Let’s get ethical

Giovanni Buttarelli

On 24-25 October this year, Brussels will be the venue for a unique international gathering. The atmosphere may perhaps be more cordial than the summit hosted by Europe’s capital earlier this week, with certainly much less disruption to traffic.

The EDPS has the honour of hosting this year’s edition of the International Data Protection and Privacy Commissioners Conference, a global community of 250 regulators ... and counting! Registration is now open for the public session. The theme is Debating Ethics: Dignity and Respect in Data Driven Life, and it will mark the culmination of the conversation we triggered three years ago on the urgent need to talk about the impact of digital technologies on our lives, and the ethics which needs to govern the design and application of these technologies as we move ever deeper into an era of AI, ubiquitous sensors, biometric-enabled surveillance and blockchain and quantum computing.

In the provisional programme we published today, we are bringing together a stellar line-up of experts, campaigners and thinkers from every continent, plus philosophers and tech pioneers including the inventor of the World Wide Web himself, Sir Tim Berners-Lee, who has kindly agreed to contribute to the discussion.  Other keynotes will also be delivered by the former Chief Justice of India, the President of the European Court of Human Rights, the President of the European Parliament, the European Commissioners for Competition, the Digital Society and Justice, and the vice-President of the American Philosophical Association. A full list of our excellent speakers is here.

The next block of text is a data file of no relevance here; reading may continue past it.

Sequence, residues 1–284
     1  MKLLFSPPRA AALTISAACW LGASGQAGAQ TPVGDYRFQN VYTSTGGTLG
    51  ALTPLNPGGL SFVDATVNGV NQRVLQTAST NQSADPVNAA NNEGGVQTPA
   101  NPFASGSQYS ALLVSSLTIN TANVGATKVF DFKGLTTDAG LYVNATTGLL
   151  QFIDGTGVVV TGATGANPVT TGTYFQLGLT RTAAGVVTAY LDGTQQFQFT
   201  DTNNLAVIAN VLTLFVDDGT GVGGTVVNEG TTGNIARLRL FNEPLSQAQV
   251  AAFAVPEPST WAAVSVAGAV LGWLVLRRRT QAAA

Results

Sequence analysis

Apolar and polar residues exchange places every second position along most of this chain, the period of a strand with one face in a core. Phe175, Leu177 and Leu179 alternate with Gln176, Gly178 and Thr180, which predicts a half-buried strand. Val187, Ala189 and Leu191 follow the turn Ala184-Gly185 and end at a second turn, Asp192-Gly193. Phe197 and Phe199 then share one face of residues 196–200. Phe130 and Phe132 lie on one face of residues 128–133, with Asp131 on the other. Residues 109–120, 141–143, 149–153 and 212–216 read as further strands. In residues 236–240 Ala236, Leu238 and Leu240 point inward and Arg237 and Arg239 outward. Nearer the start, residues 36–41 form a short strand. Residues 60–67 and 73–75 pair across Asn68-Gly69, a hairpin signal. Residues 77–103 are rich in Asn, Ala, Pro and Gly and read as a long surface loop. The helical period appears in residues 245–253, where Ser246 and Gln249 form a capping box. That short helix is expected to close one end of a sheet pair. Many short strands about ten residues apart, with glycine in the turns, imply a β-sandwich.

The programme begins with an overview of how technology is evolving before diving into pure ethics, how it has taken shape around the world, and how it is applied in different fields. The debate will then move onto exploring what technology is doing to us as humans, to our minds, relationships and interactions, to society and the economy, and to the power and reach of the state. 

The discussion will take place in the hemicycle of the European Parliament, which has the advantage of giving each participants her or his own microphone and live interpretation into English, French and Spanish. We will have an exciting, varied and interactive format. It will not be your typical data protection conference.  Our co-hosts for this year’s Conference are the Commission for Personal Data Protection of Bulgaria, which is organising parallel events in Sofia during the same week.

The conversation is already underway, and we invite you to take part in the consultation we are running on the big themes.  The conference is funded exclusively by participant registration fees and from our own budget as an EU public body. I invite you to get involved and register soon.

In the meantime, let me wish you a relaxing summer.